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The transmission of the human immunodeficiency virus (HIV) from infected husbands to their wives is now an important component of the AIDS epidemic in Thailand. Although the value of condoms in reducing the spread of HIV is well-known among Thai men an d women, the rate of condom use for contraception among married couples has never exceeded 2%. Focus groups and individual interviews with both urban and provincial Thai men and women reveal a number of formidable barriers to increasing the rate of marita l condom use: Condoms are widely perceived as interfering with male sexual pleasure, and they are primarily considered to be a prophylactic for use with prostitutes. The potential for increasing the use of condoms as a method of marital contraception appe ars limited, as highly effective alternatives are widely available. Thus, condoms will need to be promoted directly as a prophylactic. Findings suggest that general promotion of condoms for use during extramarital sex, together with advocacy of voluntary HIV testing for individuals at high risk of infection and counseling for those testing positive, are practical recommendations.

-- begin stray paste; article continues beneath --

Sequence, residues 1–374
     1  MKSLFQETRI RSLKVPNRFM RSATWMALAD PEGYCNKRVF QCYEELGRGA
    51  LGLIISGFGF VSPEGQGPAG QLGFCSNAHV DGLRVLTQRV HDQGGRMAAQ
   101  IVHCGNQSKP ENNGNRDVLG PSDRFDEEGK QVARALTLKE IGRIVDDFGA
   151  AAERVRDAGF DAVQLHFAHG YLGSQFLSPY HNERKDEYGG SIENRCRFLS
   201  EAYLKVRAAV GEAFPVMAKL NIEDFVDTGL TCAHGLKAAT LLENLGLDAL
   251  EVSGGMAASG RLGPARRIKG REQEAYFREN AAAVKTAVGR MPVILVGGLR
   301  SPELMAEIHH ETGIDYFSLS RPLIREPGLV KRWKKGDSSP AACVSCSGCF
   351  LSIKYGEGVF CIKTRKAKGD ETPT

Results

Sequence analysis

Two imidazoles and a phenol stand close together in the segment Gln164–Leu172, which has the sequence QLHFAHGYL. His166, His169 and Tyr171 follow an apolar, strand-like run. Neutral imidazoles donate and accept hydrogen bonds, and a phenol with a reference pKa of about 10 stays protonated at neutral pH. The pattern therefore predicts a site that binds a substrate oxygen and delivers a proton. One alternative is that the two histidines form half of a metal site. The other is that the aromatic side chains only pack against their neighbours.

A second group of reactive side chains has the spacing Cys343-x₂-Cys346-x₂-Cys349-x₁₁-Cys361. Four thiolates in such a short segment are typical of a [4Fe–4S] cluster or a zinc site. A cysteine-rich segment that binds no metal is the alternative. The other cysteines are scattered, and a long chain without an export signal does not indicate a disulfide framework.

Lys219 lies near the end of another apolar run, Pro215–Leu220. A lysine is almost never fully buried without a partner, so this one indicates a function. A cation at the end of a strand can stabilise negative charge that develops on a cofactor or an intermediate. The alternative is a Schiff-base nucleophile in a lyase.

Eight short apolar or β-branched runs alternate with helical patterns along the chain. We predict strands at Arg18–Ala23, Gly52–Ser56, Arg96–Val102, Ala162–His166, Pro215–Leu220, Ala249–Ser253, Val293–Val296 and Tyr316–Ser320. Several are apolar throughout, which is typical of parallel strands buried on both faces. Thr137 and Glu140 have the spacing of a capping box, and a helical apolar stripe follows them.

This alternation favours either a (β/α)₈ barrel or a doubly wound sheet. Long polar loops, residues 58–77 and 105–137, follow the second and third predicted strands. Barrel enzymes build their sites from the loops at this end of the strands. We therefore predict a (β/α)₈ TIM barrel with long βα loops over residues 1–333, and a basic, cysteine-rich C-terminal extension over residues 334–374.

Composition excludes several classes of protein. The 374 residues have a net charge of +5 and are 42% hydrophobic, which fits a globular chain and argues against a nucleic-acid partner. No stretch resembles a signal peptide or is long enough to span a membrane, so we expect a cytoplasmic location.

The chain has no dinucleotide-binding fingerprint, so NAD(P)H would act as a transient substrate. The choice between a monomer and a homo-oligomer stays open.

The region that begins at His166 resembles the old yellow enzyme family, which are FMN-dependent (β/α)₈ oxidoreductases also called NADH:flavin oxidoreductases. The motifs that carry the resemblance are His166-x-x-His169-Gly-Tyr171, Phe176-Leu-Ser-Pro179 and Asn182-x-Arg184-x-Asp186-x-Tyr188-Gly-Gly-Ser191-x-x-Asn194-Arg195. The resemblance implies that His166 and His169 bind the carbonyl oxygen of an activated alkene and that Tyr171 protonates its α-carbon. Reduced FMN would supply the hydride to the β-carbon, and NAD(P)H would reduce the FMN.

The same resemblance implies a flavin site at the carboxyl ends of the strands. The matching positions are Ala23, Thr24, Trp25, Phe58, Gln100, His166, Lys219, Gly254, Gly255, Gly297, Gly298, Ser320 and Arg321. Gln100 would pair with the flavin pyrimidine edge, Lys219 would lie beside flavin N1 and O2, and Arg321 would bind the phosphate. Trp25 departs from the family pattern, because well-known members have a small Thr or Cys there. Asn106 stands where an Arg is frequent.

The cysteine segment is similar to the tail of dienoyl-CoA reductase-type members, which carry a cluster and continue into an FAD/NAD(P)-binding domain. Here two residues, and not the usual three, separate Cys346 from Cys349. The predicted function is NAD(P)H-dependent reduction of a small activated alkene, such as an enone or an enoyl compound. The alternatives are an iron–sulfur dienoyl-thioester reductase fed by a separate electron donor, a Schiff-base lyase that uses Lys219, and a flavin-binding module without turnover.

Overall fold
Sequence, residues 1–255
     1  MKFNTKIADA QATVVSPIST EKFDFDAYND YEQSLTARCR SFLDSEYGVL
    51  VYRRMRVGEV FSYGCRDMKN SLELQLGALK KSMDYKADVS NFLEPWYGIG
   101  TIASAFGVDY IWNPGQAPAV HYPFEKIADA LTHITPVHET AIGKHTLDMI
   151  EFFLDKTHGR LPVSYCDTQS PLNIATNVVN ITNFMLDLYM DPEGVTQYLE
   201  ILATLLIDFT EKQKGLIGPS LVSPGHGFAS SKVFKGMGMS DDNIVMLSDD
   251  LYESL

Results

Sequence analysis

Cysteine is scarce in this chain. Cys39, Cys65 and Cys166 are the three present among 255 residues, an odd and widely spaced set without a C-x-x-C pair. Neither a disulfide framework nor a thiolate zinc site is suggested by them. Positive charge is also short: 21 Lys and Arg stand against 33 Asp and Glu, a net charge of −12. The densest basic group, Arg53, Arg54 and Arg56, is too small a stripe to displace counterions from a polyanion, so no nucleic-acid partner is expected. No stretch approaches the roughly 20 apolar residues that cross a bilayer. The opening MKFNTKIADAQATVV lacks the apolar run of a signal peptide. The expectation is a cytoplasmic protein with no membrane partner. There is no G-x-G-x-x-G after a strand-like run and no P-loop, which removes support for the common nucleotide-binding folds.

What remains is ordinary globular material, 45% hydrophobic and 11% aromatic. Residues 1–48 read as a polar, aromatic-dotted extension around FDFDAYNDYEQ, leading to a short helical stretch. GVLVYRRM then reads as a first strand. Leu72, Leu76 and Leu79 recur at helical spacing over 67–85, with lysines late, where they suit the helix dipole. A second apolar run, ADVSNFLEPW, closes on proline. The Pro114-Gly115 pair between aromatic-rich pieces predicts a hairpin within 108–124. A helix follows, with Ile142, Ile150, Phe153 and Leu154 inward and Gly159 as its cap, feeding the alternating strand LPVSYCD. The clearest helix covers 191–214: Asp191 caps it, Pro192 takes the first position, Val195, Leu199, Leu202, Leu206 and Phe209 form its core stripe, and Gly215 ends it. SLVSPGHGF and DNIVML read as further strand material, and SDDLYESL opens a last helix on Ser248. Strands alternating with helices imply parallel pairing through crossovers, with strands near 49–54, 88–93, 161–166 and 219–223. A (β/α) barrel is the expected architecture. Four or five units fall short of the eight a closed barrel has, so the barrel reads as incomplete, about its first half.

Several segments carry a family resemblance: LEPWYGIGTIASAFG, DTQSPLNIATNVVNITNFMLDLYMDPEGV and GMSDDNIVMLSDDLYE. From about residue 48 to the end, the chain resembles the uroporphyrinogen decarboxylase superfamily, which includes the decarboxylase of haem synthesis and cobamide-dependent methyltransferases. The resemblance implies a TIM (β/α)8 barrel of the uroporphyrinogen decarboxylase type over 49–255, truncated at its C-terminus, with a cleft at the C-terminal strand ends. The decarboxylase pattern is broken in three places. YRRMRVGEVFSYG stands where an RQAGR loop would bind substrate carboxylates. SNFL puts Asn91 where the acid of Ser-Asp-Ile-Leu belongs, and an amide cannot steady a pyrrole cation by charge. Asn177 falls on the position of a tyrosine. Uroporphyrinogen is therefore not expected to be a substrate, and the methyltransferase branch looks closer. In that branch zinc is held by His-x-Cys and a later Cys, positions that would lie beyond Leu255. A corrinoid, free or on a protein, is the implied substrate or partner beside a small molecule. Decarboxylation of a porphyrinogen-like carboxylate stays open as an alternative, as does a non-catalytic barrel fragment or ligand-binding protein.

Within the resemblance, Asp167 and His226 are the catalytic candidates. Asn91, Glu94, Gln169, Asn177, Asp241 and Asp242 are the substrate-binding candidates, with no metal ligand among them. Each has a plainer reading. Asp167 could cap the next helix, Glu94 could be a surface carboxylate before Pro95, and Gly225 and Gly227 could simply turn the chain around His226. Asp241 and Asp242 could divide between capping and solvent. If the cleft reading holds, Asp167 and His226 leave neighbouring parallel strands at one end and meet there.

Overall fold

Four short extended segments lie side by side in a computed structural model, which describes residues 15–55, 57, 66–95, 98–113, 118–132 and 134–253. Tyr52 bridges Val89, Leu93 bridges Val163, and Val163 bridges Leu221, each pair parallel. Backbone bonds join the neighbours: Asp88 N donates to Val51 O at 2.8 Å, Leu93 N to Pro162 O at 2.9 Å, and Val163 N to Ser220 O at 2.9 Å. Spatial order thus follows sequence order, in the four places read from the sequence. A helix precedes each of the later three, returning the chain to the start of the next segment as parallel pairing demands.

(International Family Planning Perspectives, 22:97-102, 1996)